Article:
Fun Example: shows an infectious script: it uploads itself to a server and runs itself over ssh. Of course, the development machine may need to be exactly the same OS as the server.

I recommend using the boilerplate at the top of this example in your projects. This includes setting line buffering if you are dealing with text and not binary data.

    {-# LANGUAGE OverloadedStrings #-}
    {-# LANGUAGE ExtendedDefaultRules #-}
    {-# OPTIONS_GHC -fno-warn-type-defaults #-}

    import Shelly
    import System.IO
    import Data.Text as T
    default (T.Text)

    main :: IO ()
    main =  do
      hSetBuffering stdout LineBuffering
      shelly $ verbosely $ do
        host <- run "uname" ["-n"]
        if T.stripEnd host == "local-machine"
          then do d <- cmd "date"
                  c <- escaping False $ cmd "git" "log -1 | head -1 | awk '{print $2}'"
                  appendfile "log/deploy.log" $ T.intercalate " - " [T.stripEnd d, c]
                  uploads "my-server:/remote/path/" ["deploy"]
                  sshPairs_ "my-server" [("cd", ["/remote/path"]), ("./deploy", [])]
          else do
                cmd "./script/angel"

    -- same path on remote host
    -- will create directories
    uploads :: Text -> [Text] -> Sh ()
    uploads remote locals = rsync $ ["--relative"] ++ locals ++ [remote]

    rsync :: [Text] -> Sh ()
    rsync args = run_ "rsync" $ ["--delete", "-avz", "--no-g"] ++ args

Variadic arguments to cmd

Yes, as seen above you can write variadic functions in Haskell quite easily, you just can't compose them as easily. I find cmd to be more convenient, but I often use run and command variants when I am building up abstractions. Building up abstractions with cmd will require type signatures.

    -- easy signature, but only allows one argument
    let cabal = cmd "cabal" :: Text -> Sh Text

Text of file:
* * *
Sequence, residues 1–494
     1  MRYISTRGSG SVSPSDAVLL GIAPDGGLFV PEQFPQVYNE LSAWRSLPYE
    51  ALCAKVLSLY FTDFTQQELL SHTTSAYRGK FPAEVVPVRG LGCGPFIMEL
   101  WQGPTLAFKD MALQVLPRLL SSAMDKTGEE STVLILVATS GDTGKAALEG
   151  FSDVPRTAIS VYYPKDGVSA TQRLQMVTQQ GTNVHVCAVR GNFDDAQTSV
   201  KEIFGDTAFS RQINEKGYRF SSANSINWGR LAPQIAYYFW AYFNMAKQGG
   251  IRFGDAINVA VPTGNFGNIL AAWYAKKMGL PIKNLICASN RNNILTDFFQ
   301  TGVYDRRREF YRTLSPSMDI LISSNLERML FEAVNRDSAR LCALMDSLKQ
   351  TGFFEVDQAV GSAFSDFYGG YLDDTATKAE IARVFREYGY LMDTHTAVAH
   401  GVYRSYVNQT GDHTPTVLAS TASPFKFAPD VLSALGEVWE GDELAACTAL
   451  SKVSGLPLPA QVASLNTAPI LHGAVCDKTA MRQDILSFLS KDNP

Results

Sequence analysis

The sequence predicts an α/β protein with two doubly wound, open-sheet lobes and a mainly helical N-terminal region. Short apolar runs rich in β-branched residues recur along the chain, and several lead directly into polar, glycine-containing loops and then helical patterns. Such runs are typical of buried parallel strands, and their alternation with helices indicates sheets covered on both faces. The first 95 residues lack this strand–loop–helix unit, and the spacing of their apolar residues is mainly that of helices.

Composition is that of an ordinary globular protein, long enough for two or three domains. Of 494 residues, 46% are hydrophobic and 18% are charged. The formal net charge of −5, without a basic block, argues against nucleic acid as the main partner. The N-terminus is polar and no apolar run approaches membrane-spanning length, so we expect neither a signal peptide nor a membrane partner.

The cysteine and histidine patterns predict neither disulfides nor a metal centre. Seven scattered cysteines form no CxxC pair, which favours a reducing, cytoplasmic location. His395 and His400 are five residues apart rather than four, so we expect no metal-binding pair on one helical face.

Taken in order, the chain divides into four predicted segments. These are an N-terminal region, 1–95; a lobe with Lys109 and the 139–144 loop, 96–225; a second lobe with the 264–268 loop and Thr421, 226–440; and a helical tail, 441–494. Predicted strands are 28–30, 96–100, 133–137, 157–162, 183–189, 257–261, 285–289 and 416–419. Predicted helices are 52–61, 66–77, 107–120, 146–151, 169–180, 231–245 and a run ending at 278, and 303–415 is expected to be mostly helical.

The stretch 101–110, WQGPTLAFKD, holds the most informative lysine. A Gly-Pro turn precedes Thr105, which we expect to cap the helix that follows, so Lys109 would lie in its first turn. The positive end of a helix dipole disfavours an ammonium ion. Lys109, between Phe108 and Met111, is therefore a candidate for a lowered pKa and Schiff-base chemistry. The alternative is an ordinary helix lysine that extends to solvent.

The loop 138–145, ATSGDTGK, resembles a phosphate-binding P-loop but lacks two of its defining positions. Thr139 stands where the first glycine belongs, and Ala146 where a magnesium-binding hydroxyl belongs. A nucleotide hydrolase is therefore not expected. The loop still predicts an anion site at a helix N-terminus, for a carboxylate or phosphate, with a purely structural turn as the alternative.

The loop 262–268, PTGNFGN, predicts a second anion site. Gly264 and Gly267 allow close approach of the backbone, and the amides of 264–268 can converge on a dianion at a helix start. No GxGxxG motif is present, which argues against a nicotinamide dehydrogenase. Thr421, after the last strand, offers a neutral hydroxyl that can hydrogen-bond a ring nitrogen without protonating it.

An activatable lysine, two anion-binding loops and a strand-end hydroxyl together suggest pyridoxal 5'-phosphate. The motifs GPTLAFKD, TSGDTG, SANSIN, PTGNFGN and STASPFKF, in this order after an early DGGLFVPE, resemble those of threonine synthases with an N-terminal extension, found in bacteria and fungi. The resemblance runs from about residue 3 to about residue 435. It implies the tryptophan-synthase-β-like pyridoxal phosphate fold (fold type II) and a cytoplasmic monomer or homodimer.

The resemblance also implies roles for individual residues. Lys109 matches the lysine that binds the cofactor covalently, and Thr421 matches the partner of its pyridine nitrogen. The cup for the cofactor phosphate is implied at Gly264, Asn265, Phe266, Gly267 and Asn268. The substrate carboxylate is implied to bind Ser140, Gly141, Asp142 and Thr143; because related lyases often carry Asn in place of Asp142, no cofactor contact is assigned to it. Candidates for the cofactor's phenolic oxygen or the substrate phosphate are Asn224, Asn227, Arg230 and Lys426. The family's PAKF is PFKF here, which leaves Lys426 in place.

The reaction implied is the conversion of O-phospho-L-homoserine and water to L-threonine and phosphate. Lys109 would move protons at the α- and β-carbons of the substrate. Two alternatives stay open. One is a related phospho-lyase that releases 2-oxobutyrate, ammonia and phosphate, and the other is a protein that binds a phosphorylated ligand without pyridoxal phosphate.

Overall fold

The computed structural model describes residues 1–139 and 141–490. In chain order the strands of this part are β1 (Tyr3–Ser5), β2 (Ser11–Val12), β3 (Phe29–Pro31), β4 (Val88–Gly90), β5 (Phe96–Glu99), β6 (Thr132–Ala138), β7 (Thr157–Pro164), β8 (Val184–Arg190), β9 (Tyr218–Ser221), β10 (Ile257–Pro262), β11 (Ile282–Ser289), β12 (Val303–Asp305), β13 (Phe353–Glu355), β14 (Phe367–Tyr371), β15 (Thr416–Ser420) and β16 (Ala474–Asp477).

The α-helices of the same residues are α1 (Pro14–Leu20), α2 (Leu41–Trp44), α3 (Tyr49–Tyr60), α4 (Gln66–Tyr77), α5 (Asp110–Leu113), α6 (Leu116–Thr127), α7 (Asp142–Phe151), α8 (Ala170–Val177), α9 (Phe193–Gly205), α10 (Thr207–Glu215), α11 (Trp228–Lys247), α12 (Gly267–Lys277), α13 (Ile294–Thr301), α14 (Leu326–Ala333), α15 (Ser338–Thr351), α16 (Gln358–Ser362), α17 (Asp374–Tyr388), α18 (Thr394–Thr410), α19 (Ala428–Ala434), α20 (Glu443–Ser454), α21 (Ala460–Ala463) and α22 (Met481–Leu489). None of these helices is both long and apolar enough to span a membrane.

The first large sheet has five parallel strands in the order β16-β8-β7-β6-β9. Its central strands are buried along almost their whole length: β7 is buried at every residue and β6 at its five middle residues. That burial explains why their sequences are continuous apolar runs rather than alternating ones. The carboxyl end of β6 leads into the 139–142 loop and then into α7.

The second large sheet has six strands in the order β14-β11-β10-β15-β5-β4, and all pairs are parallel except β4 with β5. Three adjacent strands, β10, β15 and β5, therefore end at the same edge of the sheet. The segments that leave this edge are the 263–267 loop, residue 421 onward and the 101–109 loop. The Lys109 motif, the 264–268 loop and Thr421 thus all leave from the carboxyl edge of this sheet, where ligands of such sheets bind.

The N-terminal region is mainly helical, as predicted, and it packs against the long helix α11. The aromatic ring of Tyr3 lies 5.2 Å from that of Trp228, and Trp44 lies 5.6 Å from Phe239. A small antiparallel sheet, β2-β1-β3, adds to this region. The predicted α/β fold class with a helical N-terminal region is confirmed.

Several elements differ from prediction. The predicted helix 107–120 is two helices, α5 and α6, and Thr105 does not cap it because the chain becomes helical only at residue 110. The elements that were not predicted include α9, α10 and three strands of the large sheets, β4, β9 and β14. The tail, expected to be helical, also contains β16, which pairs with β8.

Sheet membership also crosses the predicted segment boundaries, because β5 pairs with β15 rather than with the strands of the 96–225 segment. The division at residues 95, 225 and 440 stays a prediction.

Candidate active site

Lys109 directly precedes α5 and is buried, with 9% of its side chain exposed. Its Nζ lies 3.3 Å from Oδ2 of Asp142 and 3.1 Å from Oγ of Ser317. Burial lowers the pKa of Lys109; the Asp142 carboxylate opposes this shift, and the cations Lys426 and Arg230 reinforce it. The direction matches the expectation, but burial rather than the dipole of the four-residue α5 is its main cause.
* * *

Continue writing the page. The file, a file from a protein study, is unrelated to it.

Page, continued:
-- more complex signature that allows partial application of cmd
    let cabal = cmd "cabal" :: Shelly.ShellCmd result => result


By default, all commands are shell escaped. If you want the shell to interpret special characters such as *, just use escaping False $ do ....

Using Text and FilePath together

Shelly's usage of Text means you may need to convert between Text and FilePath sometimes. This should be infrequent though because:

Manual conversion is done through toTextIgnore or toTextWarn.

Thread-safe working directory and relative paths

Command cd does not change the process working directory (essentially a global variable), but instead changes the shelly state (which is thread safe). All of the Shelly API takes this into account, internally shelly converts all paths to absolute paths. You can turn a relative path into an absolute with absPath or canonic or you can make a path relative to the Shelly working directory with relPath.

Good error messages

Haskell's #1 weakness for IO code is a lack of stack traces. Shelly gives you something different: detailed logging. In most cases this should be more useful than a stack trace. Shelly keeps a log of API usage and saves it to a .shelly directory on failure. If you use shellyNoDir, the log will instead be printed to stderr. This is in addition to the verbosely settings that will print out commands and their output as the program is running. Shelly's own error messages are detailed and in some cases it will catch Haskell exceptions and re-throw them with better messages.

If you make your own primitive functions that do not use the existing Shelly API, you can create a wrapper in the Sh monad that use trace or tag to log what they are doing. You can turn tracing off (not generally recommended) by setting tracing False.